Last updated: 21 March 2014
Back in 2012, our research into CIOs’ attitudes towards security threw up some interesting insights into IT leaders’ attitudes towards BYOD (Bring Your Own Device). Now, almost a year on, a new Gemalto study has shed further light on the BYOD phenomenon: this time from the point-of-view of employees.
In a whitepaper, entitled ‘The Weakest Link’, our research shows that companies’ own employees may pose a greater risk to their overall security than any other external factors. The BYOD trend is playing a big part in this, as the proliferation of internet-enabled devices means more connections to the corporate network. According to our findings, a third of employees use their personal devices on their company’s network despite knowing that it is officially forbidden.
But it is what these users don’t know that poses the greater risk to their employers. Those using their own devices in the workplace were found to have a lower than average awareness of their organisation’s security policy, with just 63 percent saying that they were fully up-to-speed. Meanwhile, only 57 percent said that they had the latest security technology installed on their devices, and ensured that it was kept up-to-date. Perhaps most worryingly, they appeared to be at greater risk of having their accounts compromised: 15 fifteen of BYOD users said that they had had a social media account hacked, which was double the level of those who used only their company’s devices.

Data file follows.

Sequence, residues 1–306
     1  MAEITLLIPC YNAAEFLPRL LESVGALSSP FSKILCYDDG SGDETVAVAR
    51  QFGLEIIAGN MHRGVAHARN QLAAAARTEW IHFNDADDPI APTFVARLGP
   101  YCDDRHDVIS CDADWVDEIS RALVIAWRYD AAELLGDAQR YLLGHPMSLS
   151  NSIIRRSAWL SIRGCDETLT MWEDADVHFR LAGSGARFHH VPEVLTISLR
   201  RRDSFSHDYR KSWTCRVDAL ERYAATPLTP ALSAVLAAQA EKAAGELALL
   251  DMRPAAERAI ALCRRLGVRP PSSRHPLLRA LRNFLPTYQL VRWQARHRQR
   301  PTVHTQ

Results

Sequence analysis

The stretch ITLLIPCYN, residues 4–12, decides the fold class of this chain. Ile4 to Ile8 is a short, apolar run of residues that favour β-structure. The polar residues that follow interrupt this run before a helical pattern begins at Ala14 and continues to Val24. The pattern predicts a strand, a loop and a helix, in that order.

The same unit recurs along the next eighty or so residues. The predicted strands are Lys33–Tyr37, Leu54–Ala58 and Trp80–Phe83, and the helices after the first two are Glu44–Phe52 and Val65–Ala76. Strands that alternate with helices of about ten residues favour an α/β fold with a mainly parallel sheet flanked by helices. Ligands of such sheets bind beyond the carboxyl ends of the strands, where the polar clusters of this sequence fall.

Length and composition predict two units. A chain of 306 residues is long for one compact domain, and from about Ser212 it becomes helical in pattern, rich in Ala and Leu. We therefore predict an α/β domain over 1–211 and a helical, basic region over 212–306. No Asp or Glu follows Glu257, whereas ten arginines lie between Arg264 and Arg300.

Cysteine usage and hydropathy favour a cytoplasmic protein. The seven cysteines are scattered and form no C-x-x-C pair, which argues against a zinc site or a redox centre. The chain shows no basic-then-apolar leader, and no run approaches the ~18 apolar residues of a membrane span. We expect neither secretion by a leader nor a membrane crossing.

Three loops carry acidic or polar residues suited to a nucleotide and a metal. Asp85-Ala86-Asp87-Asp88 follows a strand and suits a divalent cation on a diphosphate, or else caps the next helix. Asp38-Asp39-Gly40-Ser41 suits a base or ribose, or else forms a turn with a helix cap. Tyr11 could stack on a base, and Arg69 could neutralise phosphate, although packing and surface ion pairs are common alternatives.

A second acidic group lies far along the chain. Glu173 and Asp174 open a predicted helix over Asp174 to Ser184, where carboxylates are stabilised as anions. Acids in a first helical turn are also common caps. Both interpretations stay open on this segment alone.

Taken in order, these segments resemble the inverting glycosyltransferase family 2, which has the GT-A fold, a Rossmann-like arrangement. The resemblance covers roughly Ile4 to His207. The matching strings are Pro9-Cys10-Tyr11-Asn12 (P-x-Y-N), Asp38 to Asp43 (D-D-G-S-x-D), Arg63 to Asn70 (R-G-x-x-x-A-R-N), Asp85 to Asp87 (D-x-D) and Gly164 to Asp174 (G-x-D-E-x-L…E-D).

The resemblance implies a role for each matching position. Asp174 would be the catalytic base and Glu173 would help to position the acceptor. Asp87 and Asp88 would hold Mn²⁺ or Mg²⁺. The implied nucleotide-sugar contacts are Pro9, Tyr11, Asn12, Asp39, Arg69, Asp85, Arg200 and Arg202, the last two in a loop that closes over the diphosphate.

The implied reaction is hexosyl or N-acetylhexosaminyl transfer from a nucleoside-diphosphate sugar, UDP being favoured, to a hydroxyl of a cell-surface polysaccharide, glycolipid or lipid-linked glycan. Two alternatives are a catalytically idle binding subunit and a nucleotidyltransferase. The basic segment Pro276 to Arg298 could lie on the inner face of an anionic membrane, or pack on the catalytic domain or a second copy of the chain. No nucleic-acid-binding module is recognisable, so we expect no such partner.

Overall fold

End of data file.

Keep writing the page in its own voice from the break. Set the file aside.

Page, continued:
The paper also reveals some interesting details of the individuals most likely to be practicing BYOD, helping us to build up a profile of the employees who may be putting their companies at risk. Perhaps unsurprisingly, senior managers are more likely to be using their own devices, as it is they who are most likely to be travelling, presenting to clients and conducting other tasks that require increased mobility. Similarly, it stands to reason that knowledge workers and those in technology-focused roles are most likely to be BYOD advocates.
One would expect senior, tech-savvy employees to be more risk-aware, yet when it comes to BYOD, it would seem that the opposite is true, and that these workers are putting their employers at risk by inadvertently (and, in some cases, wilfully) contravening their organisation’s security guidelines. If it is indeed the case that a company’s security controls are ‘only as strong as their weakest link’, then there is plenty of evidence in this whitepaper that should have business owners and CSOs worried.
Gemalto is addressing the security challenges of BYOD and other IT security issues by creating solutions designed specifically for enterprise security. My colleagues and I will be discussing this topic with fellow IT professionals at the upcoming Infosecurity event in London. Drop by our booth D95.
To download a copy of the research, you can click here and stay tuned for other articles from our “Weakest Link” series.